Frank E. Moss, former U.S. Senator

Val’s most important contribution is pulling together all elements of home health care and being able to organize and energize the people involved in the industry.

Frank E. Moss, former U.S. Senator

Anyone working on health care issues in Congress knows the name Val J. Halamandaris.

Kathleen Gardner Cravedi, former Staff Director of the House Select Committee on Aging

Without your untiring support and active participation, the voices of people advocating meaningful and compassionate health care reform may not have been heard by national leaders.

Michael Sullivan, Former Executive Director, Indiana Association for Home Care

All of us have been members of many organizations and NAHC is simply the best there is. NAHC aspires to excellence in every respect; its staff has been repeatedly honored as the best in Washington; the organization lives by the highest values and has demonstrated a passionate interest in the well-being of patients and providers.

Elaine Stephens, Director of Home Care of Steward Home Care/Steward Health Systems and former NAHC C

Home care increasingly is one of the basic building blocks in the developing system of long-term care.  On both economic and recuperative bases, home health care will continue to grow as an essential service for individuals, for families and for the community as a whole.

Former U.S. Senator Olympia Snowe (R-ME)

NCOA is excited to be part of this great event and honored to have such influential award winners in the field of aging.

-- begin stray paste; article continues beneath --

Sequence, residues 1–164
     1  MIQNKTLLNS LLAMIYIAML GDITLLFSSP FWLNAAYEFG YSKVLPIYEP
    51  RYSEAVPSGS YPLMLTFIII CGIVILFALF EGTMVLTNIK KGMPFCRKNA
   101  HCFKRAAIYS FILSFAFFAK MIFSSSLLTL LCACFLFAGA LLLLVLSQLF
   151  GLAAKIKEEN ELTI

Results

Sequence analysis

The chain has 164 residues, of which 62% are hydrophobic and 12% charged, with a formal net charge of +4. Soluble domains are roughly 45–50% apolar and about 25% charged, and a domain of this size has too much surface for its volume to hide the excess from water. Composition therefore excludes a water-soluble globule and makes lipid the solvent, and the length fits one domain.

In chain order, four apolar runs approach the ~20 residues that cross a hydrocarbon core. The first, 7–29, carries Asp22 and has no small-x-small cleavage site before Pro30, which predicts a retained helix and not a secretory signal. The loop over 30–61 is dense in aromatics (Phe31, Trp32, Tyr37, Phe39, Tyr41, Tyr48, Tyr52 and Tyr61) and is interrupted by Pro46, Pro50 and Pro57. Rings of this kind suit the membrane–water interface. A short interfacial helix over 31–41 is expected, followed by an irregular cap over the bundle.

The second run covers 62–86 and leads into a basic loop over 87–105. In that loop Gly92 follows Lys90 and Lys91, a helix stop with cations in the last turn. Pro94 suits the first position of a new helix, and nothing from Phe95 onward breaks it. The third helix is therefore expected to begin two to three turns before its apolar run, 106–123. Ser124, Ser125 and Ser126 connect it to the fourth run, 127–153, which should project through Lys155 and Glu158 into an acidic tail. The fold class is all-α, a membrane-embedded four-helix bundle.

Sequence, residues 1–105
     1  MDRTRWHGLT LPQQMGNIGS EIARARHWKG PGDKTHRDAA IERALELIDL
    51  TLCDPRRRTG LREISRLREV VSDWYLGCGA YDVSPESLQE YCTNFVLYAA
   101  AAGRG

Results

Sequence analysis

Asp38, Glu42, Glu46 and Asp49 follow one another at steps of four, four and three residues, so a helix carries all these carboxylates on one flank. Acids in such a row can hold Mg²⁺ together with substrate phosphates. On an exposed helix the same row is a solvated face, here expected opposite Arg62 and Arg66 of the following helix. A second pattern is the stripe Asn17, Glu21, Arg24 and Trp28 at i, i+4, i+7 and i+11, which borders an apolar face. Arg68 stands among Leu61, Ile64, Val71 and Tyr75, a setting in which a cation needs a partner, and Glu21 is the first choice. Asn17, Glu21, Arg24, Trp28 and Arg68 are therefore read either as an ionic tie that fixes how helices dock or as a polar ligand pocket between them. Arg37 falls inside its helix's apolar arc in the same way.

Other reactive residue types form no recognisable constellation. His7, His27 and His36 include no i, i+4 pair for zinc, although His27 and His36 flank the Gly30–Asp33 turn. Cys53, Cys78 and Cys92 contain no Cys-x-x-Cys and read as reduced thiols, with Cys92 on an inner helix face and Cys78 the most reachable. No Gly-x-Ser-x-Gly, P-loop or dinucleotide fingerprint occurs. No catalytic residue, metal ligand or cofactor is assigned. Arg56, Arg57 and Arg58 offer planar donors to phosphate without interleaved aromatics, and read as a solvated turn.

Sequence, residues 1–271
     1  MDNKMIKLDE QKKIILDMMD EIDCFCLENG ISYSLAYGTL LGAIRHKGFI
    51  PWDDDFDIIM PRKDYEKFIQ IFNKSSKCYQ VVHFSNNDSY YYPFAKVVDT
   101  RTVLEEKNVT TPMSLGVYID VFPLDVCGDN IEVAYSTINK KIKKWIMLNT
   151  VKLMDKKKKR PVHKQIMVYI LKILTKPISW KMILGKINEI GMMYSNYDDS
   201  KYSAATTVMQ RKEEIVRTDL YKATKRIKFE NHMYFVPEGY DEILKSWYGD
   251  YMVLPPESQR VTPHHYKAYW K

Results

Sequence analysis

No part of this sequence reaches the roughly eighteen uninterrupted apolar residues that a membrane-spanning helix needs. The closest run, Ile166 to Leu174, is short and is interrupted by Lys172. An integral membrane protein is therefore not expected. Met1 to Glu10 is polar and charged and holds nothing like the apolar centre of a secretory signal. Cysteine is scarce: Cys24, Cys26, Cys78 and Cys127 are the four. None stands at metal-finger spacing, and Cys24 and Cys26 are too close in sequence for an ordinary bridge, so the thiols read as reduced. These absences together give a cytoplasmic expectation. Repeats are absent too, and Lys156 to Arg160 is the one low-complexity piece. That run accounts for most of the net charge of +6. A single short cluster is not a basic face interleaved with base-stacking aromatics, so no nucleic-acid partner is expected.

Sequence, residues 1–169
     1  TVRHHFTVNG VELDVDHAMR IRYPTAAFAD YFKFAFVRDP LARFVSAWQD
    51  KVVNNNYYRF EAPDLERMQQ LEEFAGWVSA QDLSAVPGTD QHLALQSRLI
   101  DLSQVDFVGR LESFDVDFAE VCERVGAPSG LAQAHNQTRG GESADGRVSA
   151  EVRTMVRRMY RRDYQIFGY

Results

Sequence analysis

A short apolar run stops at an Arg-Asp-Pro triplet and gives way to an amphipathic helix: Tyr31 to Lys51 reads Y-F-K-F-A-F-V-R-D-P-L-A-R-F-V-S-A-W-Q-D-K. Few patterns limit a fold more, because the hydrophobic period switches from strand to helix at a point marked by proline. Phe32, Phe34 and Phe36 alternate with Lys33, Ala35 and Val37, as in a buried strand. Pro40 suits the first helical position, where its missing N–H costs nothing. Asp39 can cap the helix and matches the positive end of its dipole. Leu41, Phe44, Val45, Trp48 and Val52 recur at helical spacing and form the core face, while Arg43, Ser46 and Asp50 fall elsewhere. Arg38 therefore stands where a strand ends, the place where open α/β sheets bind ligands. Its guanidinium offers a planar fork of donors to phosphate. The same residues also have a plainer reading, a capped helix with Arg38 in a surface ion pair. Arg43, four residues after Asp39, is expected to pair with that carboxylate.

National Council of Aging

In Annual Report, Medicare Trustees Maintain Prediction that Program Will Remain Solvent Through 2030

July 24, 2015 08:37 AM

On July 23, the Medicare Trustees released the annual report for 2015, maintaining the prediction in last year’s report that Medicare will remain solvent through 2030. Overall, the Medicare Trustee’s 2015 report indicates that Medicare is on solid footing with historically slow cost growth. The outlook for Medicare has improved across several categories compared to last year’s report. The report indicates that Medicare’s improved outlook in recent years may be a result of changes under the Affordable Care Act. Medicare is now projected to remain solvent for 13 years longer than projected in 2009, before the ACA was enacted.

In a statement regarding the report, Andy Slavitt, Acting Administrator of the Centers for Medicare & Medicaid Services, called the slow cost growth in the report “good news.” “Growth in per-Medicare enrollee costs continues to be historically low even as the economy continues to rebound,” said Slavitt.

In 2014, Medicare provided coverage for 53.8 million Americans with $613.3 billion in total expenditures.Per enrollee Medicare spending growth has averaged a historically low 1.3 percent over the last five years. Over the next decade, per enrollee Medicare spending growth is projected to be 4.2 percent, lower than the projected growth of 5.1 percent in overall health expenditures. The report also projects lower spending for Part A and Part D in 2014, and that 70 percent of Part B beneficiaries will see no increase in their premiums in 2016.

In less positive news, the report’s projected cost growth for Medicare would trigger the Independent Payment Advisory Board in 2017. In June of this year, the United States House of Representatives passed legislation that would repeal IPAB (see previous NAHC Report article here). The National Association for Home Care & Hospice strongly opposes IPAB and recommends that Congress repeal it. Based on the way it was structured, the Board would likely be forced to make short-term Medicare cuts with little oversight that would harm patients and providers.

The report’s findings provide further evidence against any proposed Medicare cuts affecting home health or hospice, or proposals to institute copayments. NAHC will continue to make the case against proposed changes to Medicare that would harm home health or hospice agencies.

To read the Medicare Trustee’s 2015 report, click here.




©  National Association for Home Care & Hospice. All Rights Reserved.